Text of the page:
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Making Homemade Orangecello (or Limoncello)

By Chuck Sudo in Food on Mar 24, 2006 4:00PM

2006_03_picdoBHQl.jpgIt's been a busy week for Chicagoist. So we've spent the evenings catching up on our reading. Our jaws dropped when we read that another Chicagoist is yet again undertaking the seemingly Sisyphean challenge of growing tomatoes. It's like that ant trying to move a rubber tree plant. He's got high hopes (and so do we for Tomatoist. May the weather and squirrels be fair to you this season. If you need a deterrent from the latter, we're getting our hair cut this afternoon and can lend you some clippings to keep the furry beasties at bay). In the interest of solidarity, the Bridgeport Bureau is also undertaking a summer project.

Even though we had snowfall last night, it's still March. Which means that for most of you grilling season is near; we never put the grill away. With that in mind Chicagoist opened the doors to our Bubbly Creek distillery and tasting room to prepare some homemade orangecello for those hot summer nights. Orangecello - for that matter, limoncello - requires some patience. Making it is a simple infusion recipe, but the one we're following takes a couple months to ensure quality. One just has to let nature take its course during the infusion. If the recipe is followed correctly the end result is a sweet but light liqueur with a bright color.

This is the first of a three-part series that details the process of making orangecello; next month we'll detail the middle steps, with the (hopefully) fiinished product ready for consumption by Memorial Day. We'll provide the recipe after the jump along with some photos of the process.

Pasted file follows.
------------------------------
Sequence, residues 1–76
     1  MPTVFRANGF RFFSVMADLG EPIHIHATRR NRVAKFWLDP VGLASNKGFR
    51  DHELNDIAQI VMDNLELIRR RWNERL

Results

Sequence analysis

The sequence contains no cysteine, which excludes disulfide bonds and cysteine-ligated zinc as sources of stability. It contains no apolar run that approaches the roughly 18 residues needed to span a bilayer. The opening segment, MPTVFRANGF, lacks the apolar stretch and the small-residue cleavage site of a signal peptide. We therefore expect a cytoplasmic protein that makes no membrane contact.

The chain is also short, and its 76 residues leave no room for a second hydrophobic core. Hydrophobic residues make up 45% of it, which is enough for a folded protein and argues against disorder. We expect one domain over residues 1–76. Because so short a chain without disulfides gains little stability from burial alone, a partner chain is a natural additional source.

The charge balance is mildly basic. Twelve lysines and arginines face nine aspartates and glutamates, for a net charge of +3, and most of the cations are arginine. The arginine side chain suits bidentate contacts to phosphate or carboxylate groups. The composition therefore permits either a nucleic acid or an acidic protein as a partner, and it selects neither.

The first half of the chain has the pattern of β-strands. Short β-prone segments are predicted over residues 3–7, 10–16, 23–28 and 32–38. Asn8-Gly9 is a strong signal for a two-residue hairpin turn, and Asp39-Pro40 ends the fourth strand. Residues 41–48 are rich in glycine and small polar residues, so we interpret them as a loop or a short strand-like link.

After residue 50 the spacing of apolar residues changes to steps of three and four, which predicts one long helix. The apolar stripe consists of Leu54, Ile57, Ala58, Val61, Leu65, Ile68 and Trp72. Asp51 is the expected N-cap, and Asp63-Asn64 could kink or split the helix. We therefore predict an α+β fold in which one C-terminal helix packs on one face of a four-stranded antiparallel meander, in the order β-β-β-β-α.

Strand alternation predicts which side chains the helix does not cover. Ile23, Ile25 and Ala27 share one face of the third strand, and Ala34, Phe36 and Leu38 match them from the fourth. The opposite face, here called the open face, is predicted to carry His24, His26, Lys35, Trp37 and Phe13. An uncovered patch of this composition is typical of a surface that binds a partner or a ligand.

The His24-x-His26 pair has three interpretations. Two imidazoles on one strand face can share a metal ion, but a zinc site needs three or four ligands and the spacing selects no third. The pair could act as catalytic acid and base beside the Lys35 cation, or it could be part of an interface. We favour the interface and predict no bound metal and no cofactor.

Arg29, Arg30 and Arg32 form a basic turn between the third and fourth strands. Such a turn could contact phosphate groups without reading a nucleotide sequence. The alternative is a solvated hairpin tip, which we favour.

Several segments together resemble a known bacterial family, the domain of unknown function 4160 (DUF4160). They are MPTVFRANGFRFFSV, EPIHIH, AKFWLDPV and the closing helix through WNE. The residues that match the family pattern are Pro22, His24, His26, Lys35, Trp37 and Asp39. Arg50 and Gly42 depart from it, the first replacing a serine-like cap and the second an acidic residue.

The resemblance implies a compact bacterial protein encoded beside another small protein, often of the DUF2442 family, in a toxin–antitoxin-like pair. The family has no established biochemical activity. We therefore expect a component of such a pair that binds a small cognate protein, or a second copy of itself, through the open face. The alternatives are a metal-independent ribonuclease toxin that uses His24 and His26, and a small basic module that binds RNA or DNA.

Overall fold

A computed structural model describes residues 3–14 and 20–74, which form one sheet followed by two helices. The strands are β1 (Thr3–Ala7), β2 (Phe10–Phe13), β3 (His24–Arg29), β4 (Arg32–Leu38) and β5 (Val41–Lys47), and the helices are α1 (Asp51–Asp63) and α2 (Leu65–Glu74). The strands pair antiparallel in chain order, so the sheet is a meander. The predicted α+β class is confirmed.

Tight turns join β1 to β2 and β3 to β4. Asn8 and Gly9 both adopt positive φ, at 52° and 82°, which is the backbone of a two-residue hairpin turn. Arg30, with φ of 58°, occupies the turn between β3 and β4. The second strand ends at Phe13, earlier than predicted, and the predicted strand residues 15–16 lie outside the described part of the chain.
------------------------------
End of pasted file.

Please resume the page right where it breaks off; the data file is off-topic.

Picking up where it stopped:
2006_03_orangecello2.jpgThe basic recipe for orangecello/limoncello is as follows:

- 1 to 1.5 liters vodka
- zest of 5 to 7 large navel oranges or 15 to 20 lemons
- four cups sugar
- five cups water

The first thing we did was scrub the oranges to remove any pesticides, wax, or other detritus. Then we zested the oranges with a peeler. The goal during zesting is to have minimal pith attached. Pith, the white part of the rind, is the bitter portion of the rind. We don't want bitter orangecello. When zesting properly the pores should be pronounced.

2006_03_orangecello4.jpgNow we took that zest, put it in a clean one-gallon jar (a sun tea jar will suffice), and added the vodka. Then we covered it; it's now sitting in our kitchen at room temperature for the next ten days. This begins the infusion process, where the oils from the zest interact with the alcohol, giving the mix a light orange hue. Next week we're going to stir the mix a bit to prevent some settling and place the jar in a cool, dark place for thirty more days. During that period we'll check the mix to see if the zest is breaking down and stir it up some more. Next month we'll continue with the process. Lucky for us we have a plenty of wine and spirits to keep us occupied.